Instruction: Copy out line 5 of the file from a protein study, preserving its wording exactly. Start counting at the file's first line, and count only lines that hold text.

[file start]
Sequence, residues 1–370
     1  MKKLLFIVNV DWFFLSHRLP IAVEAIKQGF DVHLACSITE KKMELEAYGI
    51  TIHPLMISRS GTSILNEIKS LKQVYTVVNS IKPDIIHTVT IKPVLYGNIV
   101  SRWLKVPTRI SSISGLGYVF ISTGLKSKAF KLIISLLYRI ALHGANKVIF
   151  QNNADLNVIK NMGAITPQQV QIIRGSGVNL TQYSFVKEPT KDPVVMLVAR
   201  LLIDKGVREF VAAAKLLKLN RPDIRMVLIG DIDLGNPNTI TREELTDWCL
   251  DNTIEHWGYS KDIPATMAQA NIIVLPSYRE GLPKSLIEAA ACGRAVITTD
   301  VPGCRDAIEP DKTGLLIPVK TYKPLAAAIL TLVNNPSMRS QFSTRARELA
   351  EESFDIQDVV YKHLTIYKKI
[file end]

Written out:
   151  QNNADLNVIK NMGAITPQQV QIIRGSGVNL TQYSFVKEPT KDPVVMLVAR